Two of the biggest online entities for fan creativity are CafePress and Etsy. Often for fan artists there is a tricky balance between creating an item that is inspired by a book or the movie vs. something that takes the rights of others. It gets even trickier when you have a book in the mix because now you have a publishing company’s rights to deal with as well.
CafePress entered into an agreement with Summit to allow fans to produce fan items from the Twilight Saga. There are tens of thousands of items from water bottles to tee shirts. There are some limits, like no images from the movie, and no fangs, but you can quote the movie, and use character names.
On the other hand, Etsy has no such agreement, and this leads to confusion over what is allowable. CNET covers some of the controversy:
One of the biggest entertainment franchises in the world, for example, is almost completely absent from Etsy: the Twilight teen-vampire book and movie series. There are items that describe themselves as “Twilight inspired,” but posts in Web forums by Etsy sellers who have had Twilight-related items removed from the e-commerce site indicate that Summit Entertainment, the movie studio that owns the trademark to the Twilight franchise, has been policing Etsy for more obvious infringements.
For legal reasons, Etsy’s Feingold declined to comment on these reports or on which specific brands’ trademark holders have called up the company with takedown notices, and Summit representatives did not respond to a request for comment. But considering Summit’s history of filing suit against unofficial Twilight media, it’s not surprising.
One of the reasons why this is so complicated is because trademark holders are required to enforce their property or risk losing the trademark altogether.
“They are required to protect their trademarks, if they are to continue to have them, so that it doesn’t fall into the public domain,” explained David Foox, a onetime patent litigator who is now an artist. Foox said he’s experienced these complications from both sides. “If you have a trademark, and you registered it, it means you have carved out a part of this idea that has been developed into a brand.”
Foox said that as an artist, he sees fan creations, including those where the fans aim to profit, as a measure of success, but that as an attorney, he recognizes the legal requirement to protect trademarks.”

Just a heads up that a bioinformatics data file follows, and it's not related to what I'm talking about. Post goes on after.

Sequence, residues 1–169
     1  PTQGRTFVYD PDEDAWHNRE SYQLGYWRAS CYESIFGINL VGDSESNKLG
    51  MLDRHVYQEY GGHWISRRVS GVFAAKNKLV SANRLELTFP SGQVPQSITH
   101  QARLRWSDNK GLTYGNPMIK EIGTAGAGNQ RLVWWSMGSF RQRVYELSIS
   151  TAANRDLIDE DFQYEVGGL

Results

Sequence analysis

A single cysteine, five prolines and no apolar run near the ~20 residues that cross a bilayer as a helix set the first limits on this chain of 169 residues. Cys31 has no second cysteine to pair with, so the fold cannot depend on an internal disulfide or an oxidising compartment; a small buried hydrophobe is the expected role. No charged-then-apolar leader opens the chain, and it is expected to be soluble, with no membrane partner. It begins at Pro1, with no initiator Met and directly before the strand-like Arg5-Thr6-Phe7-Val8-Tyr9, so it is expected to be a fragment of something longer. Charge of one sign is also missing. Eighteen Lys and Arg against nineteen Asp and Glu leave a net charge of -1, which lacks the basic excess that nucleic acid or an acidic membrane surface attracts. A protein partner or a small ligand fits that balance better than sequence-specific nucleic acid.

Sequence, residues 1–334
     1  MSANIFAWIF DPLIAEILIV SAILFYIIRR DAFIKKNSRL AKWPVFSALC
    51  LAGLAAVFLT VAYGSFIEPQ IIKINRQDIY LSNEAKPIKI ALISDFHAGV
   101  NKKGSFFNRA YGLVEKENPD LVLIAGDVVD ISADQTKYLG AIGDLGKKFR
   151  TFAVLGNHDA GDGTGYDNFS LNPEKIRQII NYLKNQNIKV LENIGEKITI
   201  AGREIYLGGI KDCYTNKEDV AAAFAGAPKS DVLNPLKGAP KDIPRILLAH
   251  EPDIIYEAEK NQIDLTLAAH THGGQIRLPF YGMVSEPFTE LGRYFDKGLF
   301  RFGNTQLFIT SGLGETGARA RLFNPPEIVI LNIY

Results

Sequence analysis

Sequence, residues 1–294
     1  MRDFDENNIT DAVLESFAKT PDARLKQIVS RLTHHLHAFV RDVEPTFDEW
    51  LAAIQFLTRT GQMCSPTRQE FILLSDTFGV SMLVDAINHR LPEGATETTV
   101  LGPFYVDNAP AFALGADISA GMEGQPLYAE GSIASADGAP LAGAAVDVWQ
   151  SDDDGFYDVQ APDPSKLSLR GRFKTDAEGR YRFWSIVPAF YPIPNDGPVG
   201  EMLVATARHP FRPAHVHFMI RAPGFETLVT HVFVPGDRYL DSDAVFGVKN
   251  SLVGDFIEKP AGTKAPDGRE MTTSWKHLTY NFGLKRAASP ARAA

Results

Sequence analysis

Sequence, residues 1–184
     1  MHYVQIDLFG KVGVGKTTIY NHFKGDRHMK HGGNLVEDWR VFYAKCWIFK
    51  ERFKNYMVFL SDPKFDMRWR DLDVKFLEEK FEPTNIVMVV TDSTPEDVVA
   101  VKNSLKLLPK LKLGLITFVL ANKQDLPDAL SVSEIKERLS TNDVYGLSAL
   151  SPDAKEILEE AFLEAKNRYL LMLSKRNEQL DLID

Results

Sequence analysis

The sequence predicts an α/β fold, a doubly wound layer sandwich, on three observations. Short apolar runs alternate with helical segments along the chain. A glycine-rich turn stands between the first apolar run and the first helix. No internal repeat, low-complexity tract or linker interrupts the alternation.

So what exactly can you or can’t you do? Some things are obvious. You can’t take things like the Little Brown cover art, the movie stylized writing, movie stills, photos taken by professional photographers and use them without previous permission and in all likelihood payment for using them. Those are all unquestionably trademarked items. They are infact a violation of the Etsy Terms of Service. You just can’t take those and not expect to be slapped with a takedown when the intellectual property owner finds out.
On the other hand creating a fingerless gloves similar to the ones Alice wore in New Moon and calling them “Twilight Inspired” (vs actually saying “these are Alice’s gloves”) is probably fine. Creating a bookmark that says, “A Perfect Rainy Day in Forks” or “Volterra, Where Tourists Come In, But They Don’t Come Out.” are both probably sufficiently vague.
So what about making a pendant that quotes the spider monkey line and has Team Edward on it. What about making locket and inscribing it with “Renesmee”? …Welcome to the gray area, and THAT’s what is causing a lot of the trouble!
What also leads to trouble is that when a complaint is lodged about one item, at times an entire shop will be suspended rather than just the one item in question which results in a loss of revenue for the shop owner until the matter is cleared up. Cafepress, for example, doesn’t remove entire shops, just the item(s) in question.
Twilight isn’t the first franchise to do this. Warner Brothers, who control the Harry Potter franchise, took down all Harry Potter CafePress shops circa 2003. They sued a women having Harry Potter dinners at her restaurant. They also vigorously enforced their copyright on fansites (Ask the guys on Mugglenet what they have gone through over the years to make various tee shirts).
Additionally, if you really want a legion of lawyers to descend try taking anything that has to do with Disney. Disney is legendary with their vigorous defense of their intellectual property. I’m sure this family business didn’t bank on the 1 million dollar lawsuit over Winnie the Pooh!
So as of now, it looks like CafePress is the safest place for Twilight fan creations. Etsy, is going to be a proverbial crapshoot.